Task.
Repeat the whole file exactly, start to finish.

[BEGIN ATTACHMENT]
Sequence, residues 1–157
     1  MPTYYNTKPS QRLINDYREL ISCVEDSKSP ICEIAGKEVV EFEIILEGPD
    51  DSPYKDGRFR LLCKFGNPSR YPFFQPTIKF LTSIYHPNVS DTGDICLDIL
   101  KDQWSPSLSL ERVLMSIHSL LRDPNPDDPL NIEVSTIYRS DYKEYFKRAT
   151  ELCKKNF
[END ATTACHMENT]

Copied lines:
Sequence, residues 1–157
     1  MPTYYNTKPS QRLINDYREL ISCVEDSKSP ICEIAGKEVV EFEIILEGPD
    51  DSPYKDGRFR LLCKFGNPSR YPFFQPTIKF LTSIYHPNVS DTGDICLDIL
   101  KDQWSPSLSL ERVLMSIHSL LRDPNPDDPL NIEVSTIYRS DYKEYFKRAT
   151  ELCKKNF